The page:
It is important that you provide sufficient information to identify yourself as a Client or Server when using this program. This does not mean that you must provide personal information such as name or address, but the sharing of scientific data has little value if the source is unknown. Your location is important for many types of data, as is the nature of the apparatus used to gather the data.
Identification is configured by selecting Options from the main screen and then selecting the General tab.
The Local Name is a 20 character or less name which you apply to your computer or observatory. This is a bit like a nickname which others will know you by.
The Observer name (20 characters or less) is the person responsible for the data and is the ultimate authority for inquiries regarding the observation.
This refers to the place at which the data is collected. As with other parameters, you may supply more specific information in the Notes File (see below). The limit for Location is 40 characters.
These parameters are important for many types of scientific observations. This should be the coordinates for the sensing mechanisms you are monitoring, which is not necessarily the same as location of the Observer. Use the prescribed entry formats of degrees, minutes, and seconds. You may select West or East longitude format using the E-W button.
All data points are referenced to specific times taken from the computer's clock. In addition, file names reflect the date that the data was collected and this too is derived from the data collection computer. If the computer's clock is set to the local time of the observer, then a time zone offset should be provided so that recipients of the data can reference the time to Universal Time or Greenwich Mean Time. If you set the computer's clock to UT then the offset is 0 (zero), but otherwise the time zone should indicate the number of hours by which the local time differs from UT. Also see Logging for a description of the Log in UT option. You can have the time zone detected from the computer settings.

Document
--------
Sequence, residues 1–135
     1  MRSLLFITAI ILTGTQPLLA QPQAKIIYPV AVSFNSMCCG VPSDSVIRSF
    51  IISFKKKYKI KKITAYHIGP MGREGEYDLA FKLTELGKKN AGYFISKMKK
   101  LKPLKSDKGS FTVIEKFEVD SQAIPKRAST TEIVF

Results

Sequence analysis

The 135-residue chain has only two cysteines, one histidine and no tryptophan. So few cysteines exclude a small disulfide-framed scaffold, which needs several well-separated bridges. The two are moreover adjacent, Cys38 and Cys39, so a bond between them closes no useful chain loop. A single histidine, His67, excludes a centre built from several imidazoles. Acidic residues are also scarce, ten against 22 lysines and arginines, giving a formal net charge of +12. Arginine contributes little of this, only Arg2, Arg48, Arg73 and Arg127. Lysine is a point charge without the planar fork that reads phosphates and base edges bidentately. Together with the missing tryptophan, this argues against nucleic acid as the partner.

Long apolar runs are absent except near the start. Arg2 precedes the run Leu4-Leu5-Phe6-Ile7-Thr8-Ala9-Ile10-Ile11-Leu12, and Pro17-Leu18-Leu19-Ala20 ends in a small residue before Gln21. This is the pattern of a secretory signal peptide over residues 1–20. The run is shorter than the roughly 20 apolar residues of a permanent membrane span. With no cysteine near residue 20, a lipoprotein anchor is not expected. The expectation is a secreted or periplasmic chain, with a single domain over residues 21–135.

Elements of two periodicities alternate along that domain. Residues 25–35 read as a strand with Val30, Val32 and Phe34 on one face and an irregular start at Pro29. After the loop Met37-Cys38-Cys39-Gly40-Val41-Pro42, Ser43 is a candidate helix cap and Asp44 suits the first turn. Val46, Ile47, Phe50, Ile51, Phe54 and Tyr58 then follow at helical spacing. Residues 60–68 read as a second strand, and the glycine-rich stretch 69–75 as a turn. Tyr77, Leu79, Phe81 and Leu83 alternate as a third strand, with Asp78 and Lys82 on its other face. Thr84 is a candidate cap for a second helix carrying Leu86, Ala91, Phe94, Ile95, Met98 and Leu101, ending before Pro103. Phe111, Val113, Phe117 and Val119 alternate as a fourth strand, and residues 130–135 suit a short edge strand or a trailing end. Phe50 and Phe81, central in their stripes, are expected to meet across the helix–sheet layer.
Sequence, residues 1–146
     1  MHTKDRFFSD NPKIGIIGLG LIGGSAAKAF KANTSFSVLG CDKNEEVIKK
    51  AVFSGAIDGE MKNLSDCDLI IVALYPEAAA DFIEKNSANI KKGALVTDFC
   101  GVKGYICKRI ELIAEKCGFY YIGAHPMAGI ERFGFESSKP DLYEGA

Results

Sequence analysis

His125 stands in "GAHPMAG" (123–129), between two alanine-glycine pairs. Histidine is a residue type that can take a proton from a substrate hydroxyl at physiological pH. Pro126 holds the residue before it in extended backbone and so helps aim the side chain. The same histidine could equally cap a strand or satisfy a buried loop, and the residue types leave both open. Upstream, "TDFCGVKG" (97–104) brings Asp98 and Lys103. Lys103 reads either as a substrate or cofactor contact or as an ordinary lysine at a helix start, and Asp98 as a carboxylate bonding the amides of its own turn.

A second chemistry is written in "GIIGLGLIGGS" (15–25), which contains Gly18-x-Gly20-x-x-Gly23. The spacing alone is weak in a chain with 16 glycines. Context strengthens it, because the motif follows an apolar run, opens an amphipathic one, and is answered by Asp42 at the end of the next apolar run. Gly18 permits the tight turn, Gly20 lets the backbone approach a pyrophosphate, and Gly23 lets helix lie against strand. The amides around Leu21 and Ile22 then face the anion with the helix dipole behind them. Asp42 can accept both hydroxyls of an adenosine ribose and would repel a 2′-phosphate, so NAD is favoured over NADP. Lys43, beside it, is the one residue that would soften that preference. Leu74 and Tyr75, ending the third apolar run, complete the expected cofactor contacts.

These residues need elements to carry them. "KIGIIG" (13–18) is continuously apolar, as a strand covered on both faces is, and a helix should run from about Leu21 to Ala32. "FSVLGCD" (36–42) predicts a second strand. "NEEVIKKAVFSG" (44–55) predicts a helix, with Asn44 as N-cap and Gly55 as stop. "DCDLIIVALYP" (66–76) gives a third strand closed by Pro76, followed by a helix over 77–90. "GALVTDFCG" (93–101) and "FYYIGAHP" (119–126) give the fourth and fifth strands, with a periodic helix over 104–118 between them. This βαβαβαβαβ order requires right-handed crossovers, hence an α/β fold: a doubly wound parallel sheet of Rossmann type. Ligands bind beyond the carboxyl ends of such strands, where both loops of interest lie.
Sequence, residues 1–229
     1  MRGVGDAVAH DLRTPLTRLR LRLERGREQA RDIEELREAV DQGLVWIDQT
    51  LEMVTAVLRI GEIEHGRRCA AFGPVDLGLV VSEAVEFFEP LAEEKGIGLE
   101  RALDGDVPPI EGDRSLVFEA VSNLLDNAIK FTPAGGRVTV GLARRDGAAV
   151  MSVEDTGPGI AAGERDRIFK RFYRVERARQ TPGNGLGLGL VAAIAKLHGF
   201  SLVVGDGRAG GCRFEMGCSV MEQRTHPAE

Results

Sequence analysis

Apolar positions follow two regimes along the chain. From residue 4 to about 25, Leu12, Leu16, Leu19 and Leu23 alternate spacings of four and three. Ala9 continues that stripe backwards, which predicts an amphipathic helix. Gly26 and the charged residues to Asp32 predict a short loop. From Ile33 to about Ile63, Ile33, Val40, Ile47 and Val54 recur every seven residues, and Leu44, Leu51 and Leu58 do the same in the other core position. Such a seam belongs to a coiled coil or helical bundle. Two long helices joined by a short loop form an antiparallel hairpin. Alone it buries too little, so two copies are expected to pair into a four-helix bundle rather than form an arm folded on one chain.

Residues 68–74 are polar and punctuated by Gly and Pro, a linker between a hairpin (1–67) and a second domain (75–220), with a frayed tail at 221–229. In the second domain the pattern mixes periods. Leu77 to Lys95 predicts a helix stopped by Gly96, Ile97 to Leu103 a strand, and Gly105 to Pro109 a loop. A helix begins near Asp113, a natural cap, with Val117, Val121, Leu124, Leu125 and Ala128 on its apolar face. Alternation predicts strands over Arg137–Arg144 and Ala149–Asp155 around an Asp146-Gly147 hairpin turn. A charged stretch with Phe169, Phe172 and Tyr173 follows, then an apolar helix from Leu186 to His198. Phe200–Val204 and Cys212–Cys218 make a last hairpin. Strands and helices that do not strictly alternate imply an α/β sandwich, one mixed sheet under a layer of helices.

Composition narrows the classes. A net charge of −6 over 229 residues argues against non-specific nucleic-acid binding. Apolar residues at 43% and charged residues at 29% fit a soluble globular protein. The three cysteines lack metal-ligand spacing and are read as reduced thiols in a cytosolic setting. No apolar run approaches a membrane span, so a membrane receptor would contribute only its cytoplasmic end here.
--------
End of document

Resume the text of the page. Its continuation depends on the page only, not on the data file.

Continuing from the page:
This refers to a text file which includes other important information you wish to share with others about your observation. This file should be standard ASCII or text as produced by Notepad, for example. You may also edit and save right from this text box in the most recent releases. Keep it as short as possible while supplying the needed information. Use the browse button to select the text file after you have created it. You may use different files for different equipment and observation types. You may also wish to put website and email information here. If you do not point this parameter to a legitimate file on your computer, clients will see an error message in their information panels regarding your set up.
You may include URLs in your Notes area. These will be clickable in SkyPipe when received. they must have the http:// prefix to be recognized. You can also include the text INTERNETIP in your notes text. This will be replaced by your detected internet IP, thus giving people a way to find sound streams or video, or even a web server located on your PC. Be sure to have a good firewall in place and open only those services that want to be public.
This is information about your observation which uniquely identifies its nature for those who are unfamiliar with your Local Name and yet might want to see your data. For example, a person is looking for others who are observing Jupiter noise storms, but does not know your Local Name may want to attach to your information stream if she/he sees Jupiter at 24 MHz in your Server Text Information. Keep this short. I will appear in the drop-down list along with your Local Name for all on-line users in Client Mode.
This button takes you to screen where you can add user defined meta-data fields to your file headers.
Clicking Save makes your selections the defaults for the next time you start the program.
Clicking Done simple changes the settings for the session you are in.
Clicking Cancel discards any changes and takes you back to the main screen.
Most amateur scientists are hobbyists who greatly enjoy learning and sharing with others. Amateurs and students can occasionally make significant contributions to the growing body of scientific understanding. Your openness and willingness to share your methods as well as your data are very important if you which to take part in this process. Faked data and hoaxes, hurt everyone. A few bad seeds ruin the reputation of many. Please be careful and rigorous in your contributions.
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